Woodworking Talk banner
1 - 6 of 6 Posts

·
Registered
Joined
·
97 Posts
Discussion Starter · #1 ·
So I've built a farmhouse kitchen table that I've distressed. It's all been sanded with 100grit and feels smooth to me. My question is: is it really necessary to sand all the way to 220 grit if the whole thing is going to be covered in poly anyway?

If it means anything, it is douglas fir and I'll be using rustoleum stain and poly.
 

·
Registered
Joined
·
28,388 Posts
The reason you thoroughly sand the wood is so the stain will stain more uniform and it takes less finish to achieve an emulsion. Also if you used an electric sander with 100x paper it will show swirl marks when you apply the stain. Try it on a piece of scrap wood and see for yourself. If you get swirl marks on your project stained it's hard to get rid of. It's just the size of the grit on the paper that makes scratches in the wood. When you sand with finer paper the grit is smaller so the swirl marks don't show up. If you think about it you end up sanding just as much either way. If you start finishing after 100x paper it will take more coats of finish and more sanding between coats to build an emulsion and get it smooth. Since the wood is rougher it absorbs more of finish.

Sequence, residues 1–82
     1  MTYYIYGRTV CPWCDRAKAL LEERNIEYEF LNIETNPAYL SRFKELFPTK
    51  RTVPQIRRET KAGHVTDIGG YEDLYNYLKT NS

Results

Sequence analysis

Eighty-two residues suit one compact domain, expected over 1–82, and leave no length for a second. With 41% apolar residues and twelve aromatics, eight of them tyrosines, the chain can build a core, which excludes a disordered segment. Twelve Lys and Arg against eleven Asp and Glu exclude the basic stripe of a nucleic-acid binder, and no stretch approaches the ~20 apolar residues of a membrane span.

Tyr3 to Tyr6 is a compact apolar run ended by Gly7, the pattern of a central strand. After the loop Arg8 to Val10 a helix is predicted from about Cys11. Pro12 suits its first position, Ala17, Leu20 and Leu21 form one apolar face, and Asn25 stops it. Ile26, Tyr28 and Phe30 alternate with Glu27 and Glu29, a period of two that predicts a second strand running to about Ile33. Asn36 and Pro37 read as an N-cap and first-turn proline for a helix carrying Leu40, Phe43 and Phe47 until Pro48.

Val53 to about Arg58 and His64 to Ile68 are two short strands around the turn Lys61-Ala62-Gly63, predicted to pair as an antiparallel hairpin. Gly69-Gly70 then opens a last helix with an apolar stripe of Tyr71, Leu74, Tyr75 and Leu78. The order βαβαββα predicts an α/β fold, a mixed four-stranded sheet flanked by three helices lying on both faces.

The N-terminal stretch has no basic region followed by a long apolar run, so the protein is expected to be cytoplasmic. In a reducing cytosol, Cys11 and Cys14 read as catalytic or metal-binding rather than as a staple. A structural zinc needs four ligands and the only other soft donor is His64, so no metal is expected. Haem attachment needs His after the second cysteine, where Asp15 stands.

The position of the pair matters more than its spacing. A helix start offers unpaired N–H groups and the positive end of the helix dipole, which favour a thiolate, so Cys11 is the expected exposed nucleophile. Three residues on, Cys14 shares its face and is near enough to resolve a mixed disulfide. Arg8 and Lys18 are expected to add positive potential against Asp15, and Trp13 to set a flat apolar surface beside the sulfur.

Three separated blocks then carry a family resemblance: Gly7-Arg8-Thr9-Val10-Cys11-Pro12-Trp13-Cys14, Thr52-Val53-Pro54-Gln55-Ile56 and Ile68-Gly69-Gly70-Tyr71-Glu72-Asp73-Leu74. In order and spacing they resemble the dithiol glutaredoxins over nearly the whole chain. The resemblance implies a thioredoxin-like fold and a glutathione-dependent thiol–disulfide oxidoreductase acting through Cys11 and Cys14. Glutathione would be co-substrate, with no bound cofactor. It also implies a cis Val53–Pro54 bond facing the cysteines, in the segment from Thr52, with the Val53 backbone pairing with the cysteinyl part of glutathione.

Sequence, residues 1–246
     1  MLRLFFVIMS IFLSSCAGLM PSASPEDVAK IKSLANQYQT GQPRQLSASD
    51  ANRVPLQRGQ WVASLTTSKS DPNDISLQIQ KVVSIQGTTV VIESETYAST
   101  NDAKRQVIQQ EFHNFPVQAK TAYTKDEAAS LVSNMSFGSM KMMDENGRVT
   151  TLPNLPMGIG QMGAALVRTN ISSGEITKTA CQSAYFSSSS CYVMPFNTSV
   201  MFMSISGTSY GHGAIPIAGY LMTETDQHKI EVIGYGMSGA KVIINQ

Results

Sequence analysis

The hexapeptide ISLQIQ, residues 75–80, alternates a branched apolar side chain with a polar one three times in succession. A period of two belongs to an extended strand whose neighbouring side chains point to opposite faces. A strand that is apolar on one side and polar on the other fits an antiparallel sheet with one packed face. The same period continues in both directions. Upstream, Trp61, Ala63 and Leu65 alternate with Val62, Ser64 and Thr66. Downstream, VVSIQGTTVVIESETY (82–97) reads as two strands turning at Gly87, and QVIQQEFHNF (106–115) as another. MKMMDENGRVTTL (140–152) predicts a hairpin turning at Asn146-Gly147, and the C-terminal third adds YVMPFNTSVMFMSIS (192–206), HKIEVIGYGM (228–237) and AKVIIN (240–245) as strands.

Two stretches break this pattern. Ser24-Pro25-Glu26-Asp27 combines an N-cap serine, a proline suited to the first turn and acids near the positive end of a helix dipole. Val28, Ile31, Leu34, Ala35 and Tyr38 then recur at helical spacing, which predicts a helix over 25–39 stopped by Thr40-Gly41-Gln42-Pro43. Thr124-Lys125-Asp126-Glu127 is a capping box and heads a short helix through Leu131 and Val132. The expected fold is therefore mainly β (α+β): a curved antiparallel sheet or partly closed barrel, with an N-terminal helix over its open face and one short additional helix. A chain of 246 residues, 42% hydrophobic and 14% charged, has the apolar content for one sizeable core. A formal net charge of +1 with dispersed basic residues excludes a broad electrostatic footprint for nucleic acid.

·
Registered
Joined
·
1,533 Posts
i dont use a random orbit sander under 120 grit - you'll get swirlies and it will take forever to get them out. so i hand sand at 80, ros at 120 and 180. i stop at 180 grit and i get very good results.

in some cases, i'm able to use hand planes with extremely minimal sanding. seems when i use my planes i approach 220/320 or higher.

in finishing, i go 220 between coats, 320 on the final and then steel wool.
 

·
Registered
Joined
·
535 Posts
On most of my big projects I go to 220 grit because I still see sanding marks at anything lower than that. One recommendation I will make is to buy 3M Sandblaster sandpaper. It is really worth the money. My Dad used to buy the cheap stuff at Harbor Freight or wherever but this stuff doesn't clog up like the cheap stuff and really removes material fast. I actually enjoy sanding with this stuff because you can see the results.
 
1 - 6 of 6 Posts
This is an older thread, you may not receive a response, and could be reviving an old thread. Please consider creating a new thread.
Top